A few years ago, Tomato Kick opened its doors to standup comedy. I had a small part in helping it get started, indeed, but it was really GB Labrador who was the one who really made that scene grow, with Lui's blessings. It was amazing, really: I couldn't have felt more happy that there was a place for comedians to hone their craft and get better as performers. There's a reason why GB is one of the most respected comedians around, and his undeniable passion for the craft is arguably that reason.
We built this city on laughs. We made it happen, because nothing but good things can come out from a collection of people who just want to entertain.
It was amazing. We managed to make something of ourselves through all of that, as time went on and on. Standup comedy in the Philippines grew and grew, presenting itself as more than an adequate alternative to the Vice Gandas of the industry, albeit nowhere nearly as popular. And that was fine. That wasn't a problem. We just wanted to do our own thing, and for better or worse, Tomato Kick was a witness to a whole lot of that.
That night in particular, I went with a classic set punctuated by a few new flourishes I've been working on for weeks. I wanted to cap things off on a high note, though, so I went ahead and did my psychokinesis routine, because that's always a crowd-pleaser.
Little did I know I was going to do more than just entertain that night, when I got this from the fine lady who stepped up onstage with me...
Closing time, turn off all the lights on every boy and every girl...
It was funny, really. I may have missed that fateful night when some comics got arrested for whatever reason last year or so. I may have also missed that night where a fight pretty much broke out in the bar. But I always knew that I was surrounded by a crazy bunch, and boy, did I appreciate them for that. It was crazy, but you can't go wrong hanging around people who look at the absurdity of life and laugh in the face of it for a living. These were people you simply cannot ever forget about.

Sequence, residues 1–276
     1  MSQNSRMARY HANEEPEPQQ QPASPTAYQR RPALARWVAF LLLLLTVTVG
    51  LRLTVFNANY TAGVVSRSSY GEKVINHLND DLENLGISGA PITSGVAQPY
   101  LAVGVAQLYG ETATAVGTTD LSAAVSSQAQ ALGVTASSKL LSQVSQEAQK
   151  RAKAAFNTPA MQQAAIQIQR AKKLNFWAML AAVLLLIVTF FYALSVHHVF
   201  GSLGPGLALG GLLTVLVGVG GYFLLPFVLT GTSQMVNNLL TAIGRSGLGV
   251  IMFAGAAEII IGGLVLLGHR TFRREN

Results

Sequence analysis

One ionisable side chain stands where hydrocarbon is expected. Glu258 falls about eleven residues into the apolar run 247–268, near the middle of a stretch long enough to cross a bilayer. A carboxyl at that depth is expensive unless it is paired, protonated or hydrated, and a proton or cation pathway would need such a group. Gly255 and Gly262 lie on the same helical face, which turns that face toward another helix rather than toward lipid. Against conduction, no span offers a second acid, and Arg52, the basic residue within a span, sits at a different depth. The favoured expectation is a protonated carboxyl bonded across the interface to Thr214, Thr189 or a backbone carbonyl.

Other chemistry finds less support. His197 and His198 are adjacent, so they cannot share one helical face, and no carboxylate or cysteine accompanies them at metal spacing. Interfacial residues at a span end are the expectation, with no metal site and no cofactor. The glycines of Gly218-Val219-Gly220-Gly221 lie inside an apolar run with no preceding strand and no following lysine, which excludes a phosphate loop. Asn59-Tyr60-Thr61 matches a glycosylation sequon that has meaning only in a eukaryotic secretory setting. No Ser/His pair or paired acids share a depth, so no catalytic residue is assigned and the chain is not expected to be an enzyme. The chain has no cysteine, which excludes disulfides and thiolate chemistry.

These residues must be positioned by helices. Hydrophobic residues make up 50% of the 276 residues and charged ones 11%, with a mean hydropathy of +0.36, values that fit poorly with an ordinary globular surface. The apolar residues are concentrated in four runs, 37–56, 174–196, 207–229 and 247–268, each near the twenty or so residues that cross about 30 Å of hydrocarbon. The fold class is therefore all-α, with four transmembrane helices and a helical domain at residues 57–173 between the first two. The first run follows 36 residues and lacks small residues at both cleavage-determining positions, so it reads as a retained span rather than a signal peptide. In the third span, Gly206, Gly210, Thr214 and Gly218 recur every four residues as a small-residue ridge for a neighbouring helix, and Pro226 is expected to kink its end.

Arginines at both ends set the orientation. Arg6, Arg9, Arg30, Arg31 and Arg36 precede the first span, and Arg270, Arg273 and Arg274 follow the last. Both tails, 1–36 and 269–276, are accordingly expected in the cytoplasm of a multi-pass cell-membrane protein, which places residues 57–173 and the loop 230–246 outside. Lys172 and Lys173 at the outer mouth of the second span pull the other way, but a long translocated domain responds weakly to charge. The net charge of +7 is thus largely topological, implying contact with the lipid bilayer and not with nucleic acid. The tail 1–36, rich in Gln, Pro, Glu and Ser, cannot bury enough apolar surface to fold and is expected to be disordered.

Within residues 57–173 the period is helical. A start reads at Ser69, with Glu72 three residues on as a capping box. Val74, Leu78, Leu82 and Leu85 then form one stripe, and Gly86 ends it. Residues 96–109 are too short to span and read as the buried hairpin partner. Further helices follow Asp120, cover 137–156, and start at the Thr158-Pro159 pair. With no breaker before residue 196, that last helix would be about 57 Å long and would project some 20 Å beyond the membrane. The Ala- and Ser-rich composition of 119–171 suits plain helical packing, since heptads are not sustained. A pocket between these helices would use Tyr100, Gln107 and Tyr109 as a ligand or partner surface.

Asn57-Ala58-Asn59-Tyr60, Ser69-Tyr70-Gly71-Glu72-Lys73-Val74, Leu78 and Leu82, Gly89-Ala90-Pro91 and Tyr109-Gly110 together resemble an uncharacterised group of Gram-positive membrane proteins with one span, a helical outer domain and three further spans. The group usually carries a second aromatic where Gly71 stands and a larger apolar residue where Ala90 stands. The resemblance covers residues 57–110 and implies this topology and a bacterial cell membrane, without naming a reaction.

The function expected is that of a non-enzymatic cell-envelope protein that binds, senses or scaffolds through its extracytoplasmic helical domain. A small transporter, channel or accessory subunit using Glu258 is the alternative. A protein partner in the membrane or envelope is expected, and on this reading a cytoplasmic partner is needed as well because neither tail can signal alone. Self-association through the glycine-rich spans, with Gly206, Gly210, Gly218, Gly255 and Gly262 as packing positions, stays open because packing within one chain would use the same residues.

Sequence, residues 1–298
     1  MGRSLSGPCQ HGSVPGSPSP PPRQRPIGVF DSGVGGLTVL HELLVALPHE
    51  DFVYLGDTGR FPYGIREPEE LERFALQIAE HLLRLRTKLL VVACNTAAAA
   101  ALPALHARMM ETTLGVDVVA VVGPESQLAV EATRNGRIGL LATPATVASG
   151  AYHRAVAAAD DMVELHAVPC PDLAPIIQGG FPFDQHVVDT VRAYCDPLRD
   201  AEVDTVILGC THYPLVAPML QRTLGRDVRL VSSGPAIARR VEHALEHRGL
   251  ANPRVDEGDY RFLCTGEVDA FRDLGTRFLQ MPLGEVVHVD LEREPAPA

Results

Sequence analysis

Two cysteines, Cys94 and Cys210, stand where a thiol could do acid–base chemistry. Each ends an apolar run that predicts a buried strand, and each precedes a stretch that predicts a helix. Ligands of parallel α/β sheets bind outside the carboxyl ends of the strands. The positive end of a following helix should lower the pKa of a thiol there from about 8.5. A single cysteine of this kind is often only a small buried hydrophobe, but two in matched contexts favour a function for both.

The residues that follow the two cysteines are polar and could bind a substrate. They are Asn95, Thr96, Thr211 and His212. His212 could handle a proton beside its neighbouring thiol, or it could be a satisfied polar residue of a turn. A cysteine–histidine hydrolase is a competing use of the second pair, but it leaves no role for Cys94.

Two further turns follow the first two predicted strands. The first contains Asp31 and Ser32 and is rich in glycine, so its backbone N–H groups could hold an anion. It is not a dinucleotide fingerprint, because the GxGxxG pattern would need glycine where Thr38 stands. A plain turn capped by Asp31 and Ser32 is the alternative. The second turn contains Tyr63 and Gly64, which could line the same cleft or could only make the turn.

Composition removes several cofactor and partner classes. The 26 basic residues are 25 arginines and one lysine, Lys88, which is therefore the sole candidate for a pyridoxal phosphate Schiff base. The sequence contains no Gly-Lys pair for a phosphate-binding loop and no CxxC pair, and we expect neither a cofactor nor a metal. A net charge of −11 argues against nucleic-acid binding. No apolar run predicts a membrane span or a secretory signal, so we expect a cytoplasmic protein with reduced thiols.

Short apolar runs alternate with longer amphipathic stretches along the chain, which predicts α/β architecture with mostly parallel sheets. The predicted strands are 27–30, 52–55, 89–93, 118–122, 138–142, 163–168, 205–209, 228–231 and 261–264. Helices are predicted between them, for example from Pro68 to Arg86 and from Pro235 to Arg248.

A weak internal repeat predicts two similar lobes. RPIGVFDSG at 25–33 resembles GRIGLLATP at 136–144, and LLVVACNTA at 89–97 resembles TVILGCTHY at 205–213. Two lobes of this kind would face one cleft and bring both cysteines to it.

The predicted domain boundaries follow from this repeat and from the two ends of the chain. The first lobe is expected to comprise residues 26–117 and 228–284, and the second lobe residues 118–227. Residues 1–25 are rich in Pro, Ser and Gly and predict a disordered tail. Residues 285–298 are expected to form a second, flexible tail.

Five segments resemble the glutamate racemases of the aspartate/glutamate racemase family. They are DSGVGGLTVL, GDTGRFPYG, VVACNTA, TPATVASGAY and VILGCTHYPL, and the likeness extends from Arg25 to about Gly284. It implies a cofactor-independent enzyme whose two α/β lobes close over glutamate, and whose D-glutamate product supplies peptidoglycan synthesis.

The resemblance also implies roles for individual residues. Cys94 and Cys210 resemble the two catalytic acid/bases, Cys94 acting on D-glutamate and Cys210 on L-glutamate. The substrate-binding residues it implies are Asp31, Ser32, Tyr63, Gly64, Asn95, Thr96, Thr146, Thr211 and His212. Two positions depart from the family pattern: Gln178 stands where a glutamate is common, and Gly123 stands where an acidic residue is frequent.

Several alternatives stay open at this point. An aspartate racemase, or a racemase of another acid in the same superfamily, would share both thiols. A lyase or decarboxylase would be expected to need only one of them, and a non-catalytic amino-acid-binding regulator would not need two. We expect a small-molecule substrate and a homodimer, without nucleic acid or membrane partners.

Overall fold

I had countless experiences and memories in Tomato Kick, from their awesome nachos to their incomparable Alfredo Marinara, but overall, the thing that made TK Katipunan rock for me was that it was a bastion for comedy at a point where we felt that we were completely irrelevant and even invisible. I realize that comedy has been cyclical and that we have had pioneers long before already ply their trade here, but it's hard to deny that as more performers came along, the audience grew along with it.
It's a small world, and it's serious business. Egos. Feuds. Battle scars. These things definitely are a part of the comedy world, but I've learned to accept them as a matter of course and realize that they are part of the craft, no matter how uncomfortable they can sometimes get. In the end, though, when the comedians come together to deliver the goods, then egos be damned, that's what they end up doing, and Tomato Kick was one of the biggest reasons that remains possible to this very day.
Three years of memory really do come by quickly when you're having fun. Wednesday night was definitely a wonderful culmination of everything we comics have done, from Comedy Cartel to Comedy Manila to Comedy Mayhem to all the independent open mic guys who went and plied their trade because being a comedian is more important than having to worry about who's aligned with what.
Closing time, you don't have to go home, but you can't stay here...
I definitely loved Tomato Kick. It didn't matter what the case was, I made it a point to be there as often as I could, whether to perform or even just to watch and support other comics. I've probably spent over half a hundred hours onstage and gotten my beak wet in comedy far longer than anywhere else, and let's face it: my first ever 20-minute set happened in Tomato Kick, and I never even thought I was capable of that before I tried it. I can't help but reiterate my thanks to GB for that: he gave me that opportunity, and I ran with it.
It's kind of weird thinking that next week, TK will no longer be around, but the people who were part of it, from the comics to Lui to even Jerome, our favorite server, will always have an unbreakable bond forged by the fires of standup comedy. For better or worse, there's no escaping the legacy of TK.
So thank you, Tomato Kick. Thanks for the memories, and thanks for being an amazing part of Philippine standup comedy. Some say this is the end of an era, with you closing down, and with us comics needing to find a new stronghold for our craft, but I simply say that this is far from the end. There is a lot more to come, and what you have instilled in all of us will shine on through wherever we go next.